SSE Airtricity is the SSE group’s retail arm in Ireland. The SSE group’s most recent annual report shows that its SSE Airtricity division had an adjusted operating profit of £5.6 million.
However, the same report shows that the overall SSE group’s operating profit for that period was £2.5 billion.
A Bord Gáis Energy spokesperson said the group “incurred a €30m loss in the first six months of 2023”.
“This was a result of our decision to absorb high energy costs to protect customers,” he said. “In addition, last year Bord Gáis Energy established an energy support fund which has provided €4.2 million to aid vulnerable customers to date.”
Energia has not responded to any queries about its prices and profits sent 4 August.
As the energy companies have moved to return cash to the state, or their customers, the government has taken steps to ease the pain of high electricity prices for consumers – giving them electricity credits.
“Budget 2023 spread three €200 electricity credits evenly throughout the winter (when bills were highest),” said the Department of Environment, Climate and Communications spokesperson. “The most recent of these was applied to bills in the March/April billing cycle.”
The government is also looking at taking back some of the energy companies’ profits and returning those to customers too, the spokesperson said.
“The Government recognises that some fossil fuel companies and electricity generators have made unexpected extraordinary profits,” he said.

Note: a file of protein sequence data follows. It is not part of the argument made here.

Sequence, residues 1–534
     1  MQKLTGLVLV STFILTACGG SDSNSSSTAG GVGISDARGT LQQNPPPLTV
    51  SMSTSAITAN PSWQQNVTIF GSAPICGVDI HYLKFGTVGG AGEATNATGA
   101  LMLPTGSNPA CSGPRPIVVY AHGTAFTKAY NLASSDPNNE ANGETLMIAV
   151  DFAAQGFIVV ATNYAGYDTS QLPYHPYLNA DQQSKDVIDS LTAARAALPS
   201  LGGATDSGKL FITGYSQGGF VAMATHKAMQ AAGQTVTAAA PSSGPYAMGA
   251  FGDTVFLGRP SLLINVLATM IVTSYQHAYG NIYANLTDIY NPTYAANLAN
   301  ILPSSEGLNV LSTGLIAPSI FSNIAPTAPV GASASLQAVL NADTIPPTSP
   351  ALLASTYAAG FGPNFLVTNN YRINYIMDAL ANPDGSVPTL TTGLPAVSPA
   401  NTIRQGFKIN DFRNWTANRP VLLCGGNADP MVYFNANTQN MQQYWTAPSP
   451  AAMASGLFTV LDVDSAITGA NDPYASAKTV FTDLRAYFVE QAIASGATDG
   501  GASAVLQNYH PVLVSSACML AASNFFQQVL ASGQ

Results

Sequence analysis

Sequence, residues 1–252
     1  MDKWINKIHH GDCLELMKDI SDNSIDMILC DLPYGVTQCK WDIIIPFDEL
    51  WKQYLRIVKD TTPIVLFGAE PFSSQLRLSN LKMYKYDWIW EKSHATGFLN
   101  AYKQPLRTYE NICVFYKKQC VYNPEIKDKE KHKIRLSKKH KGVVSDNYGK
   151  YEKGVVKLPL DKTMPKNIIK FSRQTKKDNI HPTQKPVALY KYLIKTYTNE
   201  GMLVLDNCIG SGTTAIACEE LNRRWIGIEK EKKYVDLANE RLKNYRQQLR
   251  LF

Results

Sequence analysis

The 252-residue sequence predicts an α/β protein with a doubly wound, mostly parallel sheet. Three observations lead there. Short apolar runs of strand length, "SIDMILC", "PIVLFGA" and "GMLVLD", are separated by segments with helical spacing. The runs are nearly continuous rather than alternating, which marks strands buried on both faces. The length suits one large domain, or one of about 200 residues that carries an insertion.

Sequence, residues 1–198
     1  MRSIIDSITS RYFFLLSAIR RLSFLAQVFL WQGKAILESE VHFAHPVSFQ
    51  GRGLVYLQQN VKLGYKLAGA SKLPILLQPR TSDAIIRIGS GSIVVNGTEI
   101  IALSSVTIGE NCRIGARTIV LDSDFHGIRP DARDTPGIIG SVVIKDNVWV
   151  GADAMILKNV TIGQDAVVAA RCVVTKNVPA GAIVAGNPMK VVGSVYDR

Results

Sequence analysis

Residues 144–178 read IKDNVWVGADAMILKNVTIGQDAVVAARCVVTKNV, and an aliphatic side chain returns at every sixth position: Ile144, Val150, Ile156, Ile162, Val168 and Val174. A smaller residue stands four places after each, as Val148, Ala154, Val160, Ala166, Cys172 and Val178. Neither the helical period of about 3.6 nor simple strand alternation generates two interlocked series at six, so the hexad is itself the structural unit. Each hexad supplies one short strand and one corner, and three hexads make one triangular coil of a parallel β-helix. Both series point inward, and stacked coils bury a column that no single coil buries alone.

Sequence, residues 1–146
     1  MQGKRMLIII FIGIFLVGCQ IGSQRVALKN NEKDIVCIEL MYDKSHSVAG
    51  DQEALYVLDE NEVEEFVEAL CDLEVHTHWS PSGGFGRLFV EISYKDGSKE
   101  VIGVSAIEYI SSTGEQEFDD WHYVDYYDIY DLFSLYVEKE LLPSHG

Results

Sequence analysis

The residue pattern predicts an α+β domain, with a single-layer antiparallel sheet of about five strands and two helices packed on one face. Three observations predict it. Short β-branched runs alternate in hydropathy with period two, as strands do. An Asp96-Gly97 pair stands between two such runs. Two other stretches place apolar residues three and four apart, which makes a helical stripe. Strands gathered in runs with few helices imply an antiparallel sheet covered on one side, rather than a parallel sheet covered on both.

“To address this, the Government is bringing in measures to address windfall gains in the energy sector. Much of these windfall gains will be redistributed to consumers,” he said.
Still, people have to pay their electricity bills in the first place – and for those with budgets stretched paper thin, finding the cash to pay out can be tough.
And hoping for relief from ad-hoc rebates from the companies, or irregular credits from the government offers little comfort.
“The government should install a unit rate cap instead of subsidising costs at various intervals,” Bromhead said.
“Energy poverty is an equality issue,” the report says. “As fuel bills go up, it is people and families on lower incomes that suffer the most.”
“In rapidly increasing numbers, households are facing the choice between putting food on the table, buying back-to-school clothes or heating their home. The increases in bills are already alarming,” it says.
As energy prices have risen, those hardest hit have been one-parent families and those unable to work due to illness or disability, according to the February 2022 report by the Society of St Vincent de Paul.
The share of one-parent families who couldn’t keep their home warm enough rose from 7.9 percent in 2021 to 21.5 percent in 2022, the report said.
The share of people unable to work because of illness or disability rose from 11.4 percent in 2021 to 19.5 percent in 2022, it said.
Renters have been hit harder than homeowners, it said. “Renters show a rate of 13.5%, almost double the previous year and almost three times the rate of owner occupiers (4.7%),” the report said.